Andalucía 2: Hacienda San Rafael and Ronda
After our fairly full-on approach in Seville, we drove an hour south on the E-5 to the oasis of calm that is Hacienda San Rafael. This was our 'treat two nights' and what a treat it was. The hacienda has 12 rooms and is set amongst olive groves in the middle of nowhere. With its two pools, seemingly never ending bougainvillea and shady courtyard, it was difficult to do anything apart from flop in various places and feel content.
The hacienda is about a 20 minute drive from civilisation so, other than a drive out to the little village of Utrera (not a huge amount to say on this other than it's got a pretty church and old windy Spanish looking streets!), we did very little other than laze like lizards in the sun. It was the 'holiday' part of our holiday (or at least what James considers to be a holiday...!) and it did the world of good to recharge our batteries.
Food at the hacienda was a total winner and we indulged in three course set meals both evenings along with a bottle of wine (which was actually the only option food wise). On the first night, after pre-dinner drinks by the pool and aforementioned wine, Joy Filled Jaunts was born! At 55 euros a head it wasn't by any stretch bargainous but it was absolutely delicious and would have cost a lot more in London.
About an hour's drive from Hacienda San Rafael is Ronda. We went on our way over to Málaga but it would absolutely be worth tearing yourself off the sun bed to see this iconic, and stunning, Spanish town. We joined the tourists at the Mirador for stunning views of El Puente Nuevo (the name makes NO sense because it is SO old!) and also visited the bullring which is right next door. The ring is still in action during festivals but it's mostly just a museum nowadays. It's beautifully presented and I particularly loved all the old posters that are displayed in the mini museum on the opposite side of the ring.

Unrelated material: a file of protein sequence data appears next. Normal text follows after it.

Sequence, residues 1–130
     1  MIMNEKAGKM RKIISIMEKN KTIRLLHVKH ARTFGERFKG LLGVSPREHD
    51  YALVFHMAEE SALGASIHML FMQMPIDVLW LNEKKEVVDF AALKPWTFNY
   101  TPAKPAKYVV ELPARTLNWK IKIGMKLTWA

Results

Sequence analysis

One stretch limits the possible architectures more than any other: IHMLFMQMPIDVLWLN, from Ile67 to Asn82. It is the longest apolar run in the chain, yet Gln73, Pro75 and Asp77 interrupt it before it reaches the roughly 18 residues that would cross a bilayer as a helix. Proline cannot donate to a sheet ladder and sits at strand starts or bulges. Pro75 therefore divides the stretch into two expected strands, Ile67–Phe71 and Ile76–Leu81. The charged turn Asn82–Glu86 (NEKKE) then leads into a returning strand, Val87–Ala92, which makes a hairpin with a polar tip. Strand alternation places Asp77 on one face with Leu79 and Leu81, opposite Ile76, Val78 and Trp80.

After battling our way past groups of coach tourists, we wandered across the bridge and into the more local part of town. In search of a place for lunch we ended up in Plaza Ruedo Alameda. Despite whipping out my best smiles and Spanish we couldn't get a spot at either of the restaurants recommended to us by the staff at the hacienda (Restaurante Almocabar and Casa María) but we snagged a high table at the bar area of the newly opened El Zucio. It was LUSH and it felt great to be in such a tourist spot but be surrounded by locals enjoying a long weekday lunch (oh to be Spanish...). Surprise, surprise we had tapas, devouring warm artichokes in white wine sauce with crispy ham, the freshest tomatoes with garlic, cod fritters and padrón peppers, all washed down with yummy local Ronda wine at just 3 euro a glass. We then indulged in Milhojas (Spanish mille feuille)...well it would be rude not to given it was allegedly a Semana Santa speciality.